The lasting legacy of Jim Cowart

Jim Cowart was one of the first in the nation to put special care into the entrances of neighborhoods, which is why neighborhood entrances in Peachtree Corners (and throughout much of the U.S.) are now flush with lush shrubbery and flowers. He also took risks with modern suburban architecture while developing the Amberfield community, creating homes that were unlike any others of their time.

Up until that point, Nancy recalls that most neighborhood homes were simply “5-4 and a door,” meaning that homes were always five windows on top and four on the bottom with a door in the middle. Jim was not only a visionary in terms of architecture, but he would personally step in during any neighborhood disputes.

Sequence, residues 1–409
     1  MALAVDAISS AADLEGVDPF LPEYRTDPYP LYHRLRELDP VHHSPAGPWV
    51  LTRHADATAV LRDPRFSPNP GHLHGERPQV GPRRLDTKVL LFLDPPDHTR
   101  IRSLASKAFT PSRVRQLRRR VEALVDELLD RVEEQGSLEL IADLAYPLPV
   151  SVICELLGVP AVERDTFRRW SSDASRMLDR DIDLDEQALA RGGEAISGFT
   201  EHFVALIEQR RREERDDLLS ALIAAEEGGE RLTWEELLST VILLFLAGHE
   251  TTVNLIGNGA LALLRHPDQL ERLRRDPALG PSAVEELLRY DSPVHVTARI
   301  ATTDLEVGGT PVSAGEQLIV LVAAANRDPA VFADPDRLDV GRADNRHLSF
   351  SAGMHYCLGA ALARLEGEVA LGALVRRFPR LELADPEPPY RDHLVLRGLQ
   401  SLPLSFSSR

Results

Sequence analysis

“How many people do you know with busy jobs like that who would get a phone call and simply drop everything and come to the aid of the homeowners?” Nancy asked.

Jim Cowart was strict with his builders and was even surprised himself by the demand for new homes as Peachtree Corners was booming. He kept having to go back to the city and ask for more money and more land to keep up with the needs of the new homes in the Amberfield community.

But Jim’s master plan was in the sidewalks themselves. No other community in the Atlanta metro area has such a well-planned sidewalk system that weaves through each of the surrounding neighborhoods and leads to the YMCA, the river and other amenities.

Nancy was once part of a special committee to fight for the now iconic sidewalk system of modern-day Peachtree Corners. So, thanks to pioneers like Jim Cowart and Nancy Minor, Peachtree Corners will thrive for years to come.

Brian Johnson, Peachtree Corners City manager, boasts of The Fields Club where residents of both Amberfield and Riverfield can come together and enjoy its many amenities including multiple pools, tennis courts, playgrounds and a clubhouse. Members can also enjoy events like live music, movie nights and seasonal festivals.